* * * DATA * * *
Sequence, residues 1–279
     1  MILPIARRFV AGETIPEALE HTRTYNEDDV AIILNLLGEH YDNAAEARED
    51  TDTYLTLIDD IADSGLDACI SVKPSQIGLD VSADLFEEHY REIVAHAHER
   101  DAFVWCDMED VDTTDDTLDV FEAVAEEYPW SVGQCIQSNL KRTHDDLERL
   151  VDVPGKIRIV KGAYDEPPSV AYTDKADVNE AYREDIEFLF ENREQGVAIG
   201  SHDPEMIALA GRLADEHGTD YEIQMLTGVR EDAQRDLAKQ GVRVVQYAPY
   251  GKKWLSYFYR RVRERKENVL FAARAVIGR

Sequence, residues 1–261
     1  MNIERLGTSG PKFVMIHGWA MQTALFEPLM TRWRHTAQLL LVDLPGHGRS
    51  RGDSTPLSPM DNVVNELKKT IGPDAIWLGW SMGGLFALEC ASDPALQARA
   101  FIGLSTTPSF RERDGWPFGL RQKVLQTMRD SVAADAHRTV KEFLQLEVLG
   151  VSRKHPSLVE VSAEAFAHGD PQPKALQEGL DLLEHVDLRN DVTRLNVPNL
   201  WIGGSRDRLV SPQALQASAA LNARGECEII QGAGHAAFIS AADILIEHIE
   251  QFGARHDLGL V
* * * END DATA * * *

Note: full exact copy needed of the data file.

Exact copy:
Sequence, residues 1–279
     1  MILPIARRFV AGETIPEALE HTRTYNEDDV AIILNLLGEH YDNAAEARED
    51  TDTYLTLIDD IADSGLDACI SVKPSQIGLD VSADLFEEHY REIVAHAHER
   101  DAFVWCDMED VDTTDDTLDV FEAVAEEYPW SVGQCIQSNL KRTHDDLERL
   151  VDVPGKIRIV KGAYDEPPSV AYTDKADVNE AYREDIEFLF ENREQGVAIG
   201  SHDPEMIALA GRLADEHGTD YEIQMLTGVR EDAQRDLAKQ GVRVVQYAPY
   251  GKKWLSYFYR RVRERKENVL FAARAVIGR

Sequence, residues 1–261
     1  MNIERLGTSG PKFVMIHGWA MQTALFEPLM TRWRHTAQLL LVDLPGHGRS
    51  RGDSTPLSPM DNVVNELKKT IGPDAIWLGW SMGGLFALEC ASDPALQARA
   101  FIGLSTTPSF RERDGWPFGL RQKVLQTMRD SVAADAHRTV KEFLQLEVLG
   151  VSRKHPSLVE VSAEAFAHGD PQPKALQEGL DLLEHVDLRN DVTRLNVPNL
   201  WIGGSRDRLV SPQALQASAA LNARGECEII QGAGHAAFIS AADILIEHIE
   251  QFGARHDLGL V